(Updates with comments from SEC Commissioner Stein)
By Sarah N. Lynch
WASHINGTON, April 7 The U.S. Securities and
Exchange Commission said on Friday it is suspending enforcement
of the costliest requirements of its "conflict minerals" rule,
after a court remanded it back to the regulator because part of
it violates the U.S. Constitution.
Acting SEC Chairman Mike Piwowar, a Republican, said he has
asked staff for a recommendation on how to proceed with the
rule, which requires companies to disclose if their products
contain certain minerals from a war-torn part of Africa.
For now, he added, companies will not be required to conduct
a due diligence review or an audit, which are both part of the
process used to determine the origin of the minerals.
"Until these issues are resolved, it is difficult to
conceive of a circumstance that would counsel in favor of
enforcing" the due diligence requirements, he said in a
The move sparked backlash from SEC Democratic Commissioner
Kara Stein, who accused Piwowar of acting beyond his authority
to gut the meat of a rule mandated by Congress, adopted by the
SEC and reviewed by the courts.
“It is unprecedented for one commissioner, acting alone and
without official notice and comment, to engage in de facto
rulemaking," she said.
"It represents a troubling attack not only on the Commission
process, but also on the restraints of government power.”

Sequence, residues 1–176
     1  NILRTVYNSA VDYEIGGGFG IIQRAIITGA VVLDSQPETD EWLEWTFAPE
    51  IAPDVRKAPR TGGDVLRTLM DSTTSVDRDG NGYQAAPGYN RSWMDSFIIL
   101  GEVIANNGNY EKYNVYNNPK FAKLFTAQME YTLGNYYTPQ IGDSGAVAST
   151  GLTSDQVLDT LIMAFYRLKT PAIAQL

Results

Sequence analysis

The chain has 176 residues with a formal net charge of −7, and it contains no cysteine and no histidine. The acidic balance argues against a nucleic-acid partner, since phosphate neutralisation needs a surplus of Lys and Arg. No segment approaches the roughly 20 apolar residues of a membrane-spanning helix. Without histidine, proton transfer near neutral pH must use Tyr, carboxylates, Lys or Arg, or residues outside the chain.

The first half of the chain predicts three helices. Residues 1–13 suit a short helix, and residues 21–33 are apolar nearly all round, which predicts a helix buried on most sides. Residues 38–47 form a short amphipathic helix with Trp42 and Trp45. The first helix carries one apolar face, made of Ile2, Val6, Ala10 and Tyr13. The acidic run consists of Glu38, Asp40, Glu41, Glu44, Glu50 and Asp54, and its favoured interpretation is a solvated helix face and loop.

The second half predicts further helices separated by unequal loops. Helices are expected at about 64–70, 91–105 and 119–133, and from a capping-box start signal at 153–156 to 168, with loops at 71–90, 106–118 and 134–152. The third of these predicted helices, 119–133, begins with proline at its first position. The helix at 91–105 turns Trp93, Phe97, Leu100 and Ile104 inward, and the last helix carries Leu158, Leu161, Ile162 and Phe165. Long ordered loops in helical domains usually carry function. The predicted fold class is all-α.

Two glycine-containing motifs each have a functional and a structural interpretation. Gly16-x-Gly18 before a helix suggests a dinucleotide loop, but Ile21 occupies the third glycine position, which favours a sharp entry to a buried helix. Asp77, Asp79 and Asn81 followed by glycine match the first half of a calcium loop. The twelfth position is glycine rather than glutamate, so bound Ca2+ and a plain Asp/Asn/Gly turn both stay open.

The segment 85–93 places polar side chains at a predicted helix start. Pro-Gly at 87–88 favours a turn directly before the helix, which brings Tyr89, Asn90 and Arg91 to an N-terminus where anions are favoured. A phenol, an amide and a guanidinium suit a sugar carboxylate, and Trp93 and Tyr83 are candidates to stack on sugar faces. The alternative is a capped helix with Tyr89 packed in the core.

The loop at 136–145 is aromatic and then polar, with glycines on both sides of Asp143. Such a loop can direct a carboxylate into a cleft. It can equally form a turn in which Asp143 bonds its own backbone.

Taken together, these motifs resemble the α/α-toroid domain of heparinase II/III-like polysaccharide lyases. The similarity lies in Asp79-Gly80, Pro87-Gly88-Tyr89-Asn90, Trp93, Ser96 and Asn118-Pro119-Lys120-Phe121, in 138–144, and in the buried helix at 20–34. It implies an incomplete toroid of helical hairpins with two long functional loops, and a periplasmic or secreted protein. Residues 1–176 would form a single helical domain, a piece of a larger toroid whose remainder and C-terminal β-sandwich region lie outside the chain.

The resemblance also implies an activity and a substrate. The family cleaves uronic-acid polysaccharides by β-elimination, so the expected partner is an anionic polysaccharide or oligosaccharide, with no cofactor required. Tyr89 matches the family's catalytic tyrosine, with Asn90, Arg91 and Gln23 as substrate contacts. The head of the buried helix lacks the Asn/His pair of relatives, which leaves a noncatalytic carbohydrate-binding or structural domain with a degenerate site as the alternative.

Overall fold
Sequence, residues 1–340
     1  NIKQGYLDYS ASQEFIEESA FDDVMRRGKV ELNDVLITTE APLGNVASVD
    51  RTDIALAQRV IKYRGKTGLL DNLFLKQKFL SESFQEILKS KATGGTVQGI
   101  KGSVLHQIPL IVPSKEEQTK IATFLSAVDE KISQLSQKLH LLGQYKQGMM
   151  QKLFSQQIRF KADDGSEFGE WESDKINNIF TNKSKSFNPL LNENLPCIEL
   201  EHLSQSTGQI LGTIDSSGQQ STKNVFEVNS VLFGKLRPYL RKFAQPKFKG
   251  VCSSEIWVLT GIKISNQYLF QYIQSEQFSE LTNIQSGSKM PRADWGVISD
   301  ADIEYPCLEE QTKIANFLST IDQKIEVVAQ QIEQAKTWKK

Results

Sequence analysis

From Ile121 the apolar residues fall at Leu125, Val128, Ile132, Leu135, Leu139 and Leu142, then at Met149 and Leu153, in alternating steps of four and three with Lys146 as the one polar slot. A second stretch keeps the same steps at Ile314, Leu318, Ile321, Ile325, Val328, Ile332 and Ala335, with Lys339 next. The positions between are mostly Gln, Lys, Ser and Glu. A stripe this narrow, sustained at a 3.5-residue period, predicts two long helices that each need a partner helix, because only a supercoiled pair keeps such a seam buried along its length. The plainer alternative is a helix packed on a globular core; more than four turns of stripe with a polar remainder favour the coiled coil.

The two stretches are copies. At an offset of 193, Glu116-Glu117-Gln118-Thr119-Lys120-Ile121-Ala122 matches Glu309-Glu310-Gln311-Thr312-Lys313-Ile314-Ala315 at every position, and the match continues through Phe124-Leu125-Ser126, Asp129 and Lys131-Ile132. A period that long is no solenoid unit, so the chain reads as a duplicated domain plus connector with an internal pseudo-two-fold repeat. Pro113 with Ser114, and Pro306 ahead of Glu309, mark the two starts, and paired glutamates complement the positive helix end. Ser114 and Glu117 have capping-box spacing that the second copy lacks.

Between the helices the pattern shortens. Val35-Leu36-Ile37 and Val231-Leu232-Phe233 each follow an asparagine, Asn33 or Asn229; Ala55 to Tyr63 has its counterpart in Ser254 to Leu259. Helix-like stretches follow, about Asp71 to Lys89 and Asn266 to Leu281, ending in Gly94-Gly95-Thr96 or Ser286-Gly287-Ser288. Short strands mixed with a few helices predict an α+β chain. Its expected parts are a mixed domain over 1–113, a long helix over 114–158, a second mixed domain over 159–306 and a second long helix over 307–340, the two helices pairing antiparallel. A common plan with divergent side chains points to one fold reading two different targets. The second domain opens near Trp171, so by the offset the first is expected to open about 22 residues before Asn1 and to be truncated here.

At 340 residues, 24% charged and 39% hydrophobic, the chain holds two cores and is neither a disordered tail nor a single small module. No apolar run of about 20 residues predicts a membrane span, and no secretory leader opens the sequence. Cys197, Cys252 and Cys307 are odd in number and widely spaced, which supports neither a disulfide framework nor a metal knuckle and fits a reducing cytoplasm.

The conflict minerals rule was required by the 2010
Dodd-Frank Wall Street reform law and is supported by human
rights groups that want companies to tell investors if their
products contain tantalum, tin, gold or tungsten mined from the
Democratic Republic of Congo, in the hope that such disclosures
will curb funding to armed groups.
Business groups have contended that it forces companies to
furnish politically charged information that is irrelevant to
making investment decisions and that it costs too much for
companies to trace the source of minerals through the supply
In 2014, a U.S. appeals court struck down part of the
conflict minerals law after the Business Roundtable, the U.S.
Chamber of Commerce and the National Association of
Manufacturers sued the SEC over it.
The court found part of it violated free speech rights of
companies by forcing them to publicly state that their products
were not conflict free.
The rest of the rule was left intact.
Since then, companies have furnished reports with SEC and
conducted due diligence, though they were granted a reprieve
from the audit requirement and the labeling of the minerals
The litigation formally came to an end on Monday, when the
lower court remanded the rule back to the SEC to address the
First Amendment concerns.
The appeals court did not say whether the Dodd-Frank law
itself or the SEC's implementation of the rule violated the
Constitution, a matter that the SEC will now need to determine.
Companies will still need to file required forms with the SEC
and do origin inquiries, as they have been doing.
(Reporting by Sarah N. Lynch; Editing by Marguerita Choy and